Organic farming not automatic best option for developing world

OECD Observer

OECD Forum, 15th May, 2001— SD Roundtable: Agriculture and Sustainable Development; moderator: Sophia Lambert

Organic farming is not always the best option to boost agricultural production in developing countries, Madagascar's Jean-Robert Estimé said. Estimé, the director of LDI, a programme designed to help farmers increase their production while sustaining natural resources, was speaking at a round table on agriculture and sustainable development at the OECD's Forum 2001 on Tuesday May 15. “In Madagascar, we have many rural, small farmers who have never used chemicals and some utilisation of chemicals may be necessary for development,” said Estimé. “Trade liberalisation and market reform is not enough. Farmers must have access to packages including technical assistance, credit and inputs.”

Hector Torres, from the Argentinian Delegation to the World Trade Organization, agreed that conventional farming should not be abandoned in the name of sustainable development. However, Torres chastised the current policies of OECD countries, whose subsidies and tariffs, he said, were at least partially to blame for problems and political unrest throughout developing nations.

“The OECD has calculated the total support estimate provided by member countries to the agricultural sector was in 1999 more than US $360 billion. That's more than the African continent's GDP, excluding South Africa,” Torres said. “And as a result, prices aren't reflective, harming competition.”

Torres said some have suggested the way out is to not reduce, but rather add new subsidies such as so-called green subsidies to encourage more environmentally friendly production. “But this is as foolish as turning on the air-conditioner while keeping the heat on,” Torres said.

From the floor, Pete Hardstaff, a trade policy officer with a U.K. conservation organisation, said he fully supported Torres' call for reform. “Conventional wisdom maintains that the most efficient farming is the cheapest. Yet, as a number of panellists have pointed out,” said Hardstaff, “it is not efficient to degrade and destroy the natural environment on which agriculture depends. How can truly efficient agriculture be promoted without being undermined?”

Torres said protecting the environment is always opting for the future. “In the short term, it is cost,” he said. “It rarely pays. And what producers tell you in developing countries is, ‘You must be mad. The long and the medium term are an extravagance. I am just coping to survive.’”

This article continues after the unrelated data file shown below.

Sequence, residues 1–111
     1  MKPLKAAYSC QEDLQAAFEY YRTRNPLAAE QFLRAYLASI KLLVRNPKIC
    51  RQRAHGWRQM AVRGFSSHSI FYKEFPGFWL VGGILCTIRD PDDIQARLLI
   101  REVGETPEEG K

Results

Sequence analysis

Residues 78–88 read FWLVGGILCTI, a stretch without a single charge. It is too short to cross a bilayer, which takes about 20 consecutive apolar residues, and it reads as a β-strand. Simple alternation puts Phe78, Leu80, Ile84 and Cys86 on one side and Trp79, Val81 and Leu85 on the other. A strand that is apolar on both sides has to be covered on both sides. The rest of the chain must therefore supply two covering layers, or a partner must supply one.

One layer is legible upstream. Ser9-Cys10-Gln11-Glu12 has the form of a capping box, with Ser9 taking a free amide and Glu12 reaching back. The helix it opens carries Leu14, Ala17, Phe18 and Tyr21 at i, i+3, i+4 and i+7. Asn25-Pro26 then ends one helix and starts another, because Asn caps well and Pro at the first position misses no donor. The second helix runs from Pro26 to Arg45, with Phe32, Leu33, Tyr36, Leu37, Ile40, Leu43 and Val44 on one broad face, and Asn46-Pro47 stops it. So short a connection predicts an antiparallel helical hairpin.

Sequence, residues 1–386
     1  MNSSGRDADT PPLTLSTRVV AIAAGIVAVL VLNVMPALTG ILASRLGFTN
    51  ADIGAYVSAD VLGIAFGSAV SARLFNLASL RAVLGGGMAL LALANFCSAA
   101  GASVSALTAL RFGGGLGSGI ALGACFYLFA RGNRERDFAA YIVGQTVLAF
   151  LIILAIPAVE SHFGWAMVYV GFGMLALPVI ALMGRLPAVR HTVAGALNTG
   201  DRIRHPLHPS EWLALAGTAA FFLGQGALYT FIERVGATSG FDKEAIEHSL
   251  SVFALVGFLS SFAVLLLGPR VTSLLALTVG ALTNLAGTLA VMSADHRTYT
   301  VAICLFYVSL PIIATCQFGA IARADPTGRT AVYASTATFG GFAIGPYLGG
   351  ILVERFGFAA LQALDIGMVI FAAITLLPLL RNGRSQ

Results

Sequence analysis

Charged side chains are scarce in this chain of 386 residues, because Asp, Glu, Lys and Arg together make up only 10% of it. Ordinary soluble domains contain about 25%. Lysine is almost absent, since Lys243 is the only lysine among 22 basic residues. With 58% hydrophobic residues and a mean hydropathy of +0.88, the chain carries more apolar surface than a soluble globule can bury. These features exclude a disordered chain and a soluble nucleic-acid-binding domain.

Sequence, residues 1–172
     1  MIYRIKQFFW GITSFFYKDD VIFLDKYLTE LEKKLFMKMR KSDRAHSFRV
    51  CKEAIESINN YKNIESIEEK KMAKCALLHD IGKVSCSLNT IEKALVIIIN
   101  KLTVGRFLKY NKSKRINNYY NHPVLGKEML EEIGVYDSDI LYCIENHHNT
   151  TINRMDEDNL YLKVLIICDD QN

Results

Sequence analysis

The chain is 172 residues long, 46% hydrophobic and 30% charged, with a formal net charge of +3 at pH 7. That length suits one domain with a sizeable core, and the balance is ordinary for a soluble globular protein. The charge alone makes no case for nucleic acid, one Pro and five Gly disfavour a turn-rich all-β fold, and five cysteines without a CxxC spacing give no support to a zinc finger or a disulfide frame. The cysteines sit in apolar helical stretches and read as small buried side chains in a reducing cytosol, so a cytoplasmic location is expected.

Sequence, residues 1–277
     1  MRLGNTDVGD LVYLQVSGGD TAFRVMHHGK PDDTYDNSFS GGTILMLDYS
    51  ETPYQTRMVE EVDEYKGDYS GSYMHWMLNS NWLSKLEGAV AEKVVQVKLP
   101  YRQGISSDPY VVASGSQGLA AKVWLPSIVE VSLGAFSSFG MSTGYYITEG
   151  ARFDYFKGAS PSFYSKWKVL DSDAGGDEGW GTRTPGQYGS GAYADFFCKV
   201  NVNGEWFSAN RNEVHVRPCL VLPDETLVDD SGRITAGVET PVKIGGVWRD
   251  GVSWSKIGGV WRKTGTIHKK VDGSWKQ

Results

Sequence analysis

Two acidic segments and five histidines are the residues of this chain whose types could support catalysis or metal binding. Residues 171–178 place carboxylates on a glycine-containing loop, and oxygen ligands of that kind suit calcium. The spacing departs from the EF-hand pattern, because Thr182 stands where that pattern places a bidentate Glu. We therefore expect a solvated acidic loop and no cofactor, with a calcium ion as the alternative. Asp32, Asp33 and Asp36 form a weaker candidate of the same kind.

Torres said if European governments want to compensate farmers for not using pesticides, it can be done with direct and targeted measures – but not with price support.

Liz Hopkins, director of the International Union for Conservation of Nature, from the Netherlands, said, “we need to develop indicators of monitoring biodiversity. Free trade is not 'free' if market prices don't reflect environmental and social costs.”

Former Korean agriculture minister Sun-hoon Kim agreed that sustainable agriculture needs to get on the international agenda. He said he has witnessed a growing number of organic farmers in his country. He pointed to a government survey that found that over past four years, Korean farmers have cut their pesticide and insecticide use by half, while actually increasing their average income.

Kim, now a professor at Seoul's Chung-Ang University, called on the forthcoming WTO ministerial conference to pay due attention to the growing importance of environmentally friendly agriculture.

Hans Joehr, as a food producer, echoed that call. Joehr, Assisant Vice-President of the Swiss food giant Nestle, said his business depends on factors he cannot control. The use of chemicals and genetically modified seeds, he argued, takes away consumer confidence – and what is at stake today is an issue of global concern.

Joehr said given the media attention and political treatment recent issues such as BSE and foot and mouth have received, Nestle does not see something so simple as organic food as an overall solution.

“In ancient times, the hunter or the farmer directly shared his food with his family. The producer and the consumer were part of the same family,” said Joehr. “Today, we have a chain … and things are getting complicated.”

©OECD Observer May 2001

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